Block-and-ash flow deposits

Block-and-ash flow deposit is a pyroclastic flow deposit consisting of large fraction of juvenile volcanic blocks in a matrix of volcanic ash of the same composition1. Block-and-ash flow deposit is a type of ignimbrite as all deposits of pyroclastic flows are considered to be ignimbrites, regardless of whether they are welded or not2.

Pyroclastic flow is a very hot (up to 1000 °C) mixture of volcanic gases, ash, and blocks that runs rapidly downhill and spreads quickly under gravity. Pyroclastic flows are ground-hugging as they are denser than air. Pyroclastic flow is the deadliest expression of volcanism followed by lahars3.

Pyroclastic flow deposits show a considerable variation in texture and composition. They may be generated by several mechanisms. Block-and-ash flows are mostly the result of a collapse and fragmentation of volcanic domes3. Collapse of oversteepened dome may be either gravitational, explosive, or both at the same time. Well known volcanoes producing lava domes and block-and-ash flows are Unzen (Japan), Merapi (Indonesia), and Montserrat (British overseas territory in the Caribbean)1. Such collapses produce lots of angular juvenile volcanic blocks and are accompanied by a powerful volcanic blast generated by the release in pressure which produces volcanic ash and liberates lots of hot gas.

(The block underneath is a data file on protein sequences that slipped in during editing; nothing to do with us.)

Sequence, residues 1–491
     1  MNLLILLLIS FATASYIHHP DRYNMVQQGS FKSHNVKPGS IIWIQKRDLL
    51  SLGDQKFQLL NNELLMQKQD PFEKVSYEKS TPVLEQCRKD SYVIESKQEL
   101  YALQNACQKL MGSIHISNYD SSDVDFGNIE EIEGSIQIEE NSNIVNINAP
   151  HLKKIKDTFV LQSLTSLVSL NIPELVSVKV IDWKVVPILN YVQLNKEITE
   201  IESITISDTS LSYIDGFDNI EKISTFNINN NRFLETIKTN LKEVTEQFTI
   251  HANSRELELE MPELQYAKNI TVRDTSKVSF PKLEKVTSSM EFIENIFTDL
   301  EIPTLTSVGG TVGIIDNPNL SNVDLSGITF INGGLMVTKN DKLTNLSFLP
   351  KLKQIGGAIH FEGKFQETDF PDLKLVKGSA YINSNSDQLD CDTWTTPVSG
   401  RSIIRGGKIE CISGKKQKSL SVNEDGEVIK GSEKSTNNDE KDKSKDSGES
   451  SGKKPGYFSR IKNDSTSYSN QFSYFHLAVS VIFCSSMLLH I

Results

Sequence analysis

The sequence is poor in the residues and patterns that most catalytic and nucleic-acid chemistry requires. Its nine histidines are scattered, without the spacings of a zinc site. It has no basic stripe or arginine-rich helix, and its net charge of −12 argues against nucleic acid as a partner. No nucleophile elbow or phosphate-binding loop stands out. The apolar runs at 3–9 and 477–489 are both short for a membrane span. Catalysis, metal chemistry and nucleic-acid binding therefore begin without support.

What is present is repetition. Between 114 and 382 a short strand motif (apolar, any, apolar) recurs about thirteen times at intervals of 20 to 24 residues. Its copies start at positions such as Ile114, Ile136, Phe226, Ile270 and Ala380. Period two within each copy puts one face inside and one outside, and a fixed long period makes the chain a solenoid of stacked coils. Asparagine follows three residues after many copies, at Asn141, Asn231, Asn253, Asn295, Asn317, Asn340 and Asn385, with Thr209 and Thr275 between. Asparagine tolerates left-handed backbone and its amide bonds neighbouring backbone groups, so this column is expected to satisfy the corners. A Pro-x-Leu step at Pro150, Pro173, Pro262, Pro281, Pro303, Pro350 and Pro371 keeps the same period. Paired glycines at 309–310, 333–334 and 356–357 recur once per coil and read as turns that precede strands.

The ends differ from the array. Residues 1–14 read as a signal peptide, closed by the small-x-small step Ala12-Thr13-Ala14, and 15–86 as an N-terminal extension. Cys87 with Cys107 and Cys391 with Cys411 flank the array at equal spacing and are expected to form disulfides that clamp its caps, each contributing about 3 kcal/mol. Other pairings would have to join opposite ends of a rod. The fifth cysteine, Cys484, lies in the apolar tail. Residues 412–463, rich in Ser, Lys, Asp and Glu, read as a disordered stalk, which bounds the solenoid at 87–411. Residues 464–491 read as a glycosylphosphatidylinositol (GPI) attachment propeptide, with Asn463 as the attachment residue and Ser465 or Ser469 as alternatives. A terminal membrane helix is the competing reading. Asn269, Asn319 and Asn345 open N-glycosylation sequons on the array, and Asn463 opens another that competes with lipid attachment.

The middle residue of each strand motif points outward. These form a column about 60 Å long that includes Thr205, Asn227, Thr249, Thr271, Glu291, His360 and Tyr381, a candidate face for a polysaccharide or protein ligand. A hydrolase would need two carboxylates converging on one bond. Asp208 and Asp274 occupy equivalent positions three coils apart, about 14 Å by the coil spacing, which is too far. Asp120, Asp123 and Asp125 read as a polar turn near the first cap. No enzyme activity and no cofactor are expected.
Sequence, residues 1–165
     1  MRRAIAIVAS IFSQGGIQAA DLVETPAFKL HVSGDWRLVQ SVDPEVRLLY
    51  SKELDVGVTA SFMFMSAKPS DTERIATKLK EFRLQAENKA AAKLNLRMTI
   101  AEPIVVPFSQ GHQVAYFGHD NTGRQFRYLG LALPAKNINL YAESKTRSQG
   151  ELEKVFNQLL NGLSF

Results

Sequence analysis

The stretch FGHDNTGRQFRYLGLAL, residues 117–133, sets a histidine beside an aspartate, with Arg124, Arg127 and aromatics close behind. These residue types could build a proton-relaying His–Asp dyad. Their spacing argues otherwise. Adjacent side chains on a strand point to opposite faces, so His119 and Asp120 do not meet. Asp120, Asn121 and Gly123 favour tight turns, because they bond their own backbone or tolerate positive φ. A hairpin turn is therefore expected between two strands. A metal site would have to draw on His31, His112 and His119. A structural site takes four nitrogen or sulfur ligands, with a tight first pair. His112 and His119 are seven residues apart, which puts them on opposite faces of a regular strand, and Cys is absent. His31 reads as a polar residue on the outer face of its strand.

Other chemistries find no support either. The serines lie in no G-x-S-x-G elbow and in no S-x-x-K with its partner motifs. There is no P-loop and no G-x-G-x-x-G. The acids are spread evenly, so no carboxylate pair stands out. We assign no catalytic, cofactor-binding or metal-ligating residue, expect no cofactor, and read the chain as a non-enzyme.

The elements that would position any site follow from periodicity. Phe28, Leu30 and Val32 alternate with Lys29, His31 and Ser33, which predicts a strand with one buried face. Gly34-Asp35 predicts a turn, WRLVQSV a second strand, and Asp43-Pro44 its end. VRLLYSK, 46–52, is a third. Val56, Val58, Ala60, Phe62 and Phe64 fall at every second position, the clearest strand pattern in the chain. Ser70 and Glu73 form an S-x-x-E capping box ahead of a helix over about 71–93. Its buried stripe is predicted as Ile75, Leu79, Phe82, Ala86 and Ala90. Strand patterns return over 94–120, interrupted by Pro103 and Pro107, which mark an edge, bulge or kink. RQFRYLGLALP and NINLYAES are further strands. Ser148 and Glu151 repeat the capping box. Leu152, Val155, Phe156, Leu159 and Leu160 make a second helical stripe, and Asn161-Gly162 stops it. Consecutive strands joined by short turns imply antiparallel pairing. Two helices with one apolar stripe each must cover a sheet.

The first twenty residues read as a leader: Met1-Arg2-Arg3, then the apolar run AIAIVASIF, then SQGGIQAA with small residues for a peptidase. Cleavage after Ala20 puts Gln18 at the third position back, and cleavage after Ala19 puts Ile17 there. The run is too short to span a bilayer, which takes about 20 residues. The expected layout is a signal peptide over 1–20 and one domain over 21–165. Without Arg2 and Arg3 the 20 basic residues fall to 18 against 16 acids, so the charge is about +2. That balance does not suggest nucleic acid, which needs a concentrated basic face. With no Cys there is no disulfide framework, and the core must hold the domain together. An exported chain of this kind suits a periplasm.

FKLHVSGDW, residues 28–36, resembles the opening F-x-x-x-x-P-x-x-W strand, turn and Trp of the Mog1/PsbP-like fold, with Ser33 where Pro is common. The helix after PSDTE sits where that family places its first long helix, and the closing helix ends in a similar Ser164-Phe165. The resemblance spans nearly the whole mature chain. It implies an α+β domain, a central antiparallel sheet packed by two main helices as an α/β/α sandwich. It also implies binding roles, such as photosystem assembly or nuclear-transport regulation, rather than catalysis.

Pyroclastic flow deposits (sometimes also known as pyroclastic density current or PDC4) may cover huge areas (up to 50 000 km2 in extreme cases) but block-and-ash flows are confined to much smaller area because there is simply not enough blocks. Block-and-ash flows may extend up to 10 km from their source and they travel at speeds up to 100 km/h. Block-and-ash flows are usually 1-10 meters in thickness1. They may be either clast- or matrix-supported (clast-supported means that individual clasts are in contact).

Blocks stand out because the matrix is less resistant to erosion.

Most of the blocks are about 10-25 cm across but some may extend over one meter.

There is a sharp contact with the underlying darker layer of pyroclastic rocks.

Deposit in Tenerife which has lots of polymictic blocks embedded in ignimbrite. However, it is most likely lithic breccia, not block-and-ash flow deposit because it has lots of pumice clasts in it. True block-and-ash events are formed by non-explosive dome collapses and contain very little pumice. Read more about this outcrop: Block-and-ash flow deposit or lithic breccia? Width of view 0.8 meters.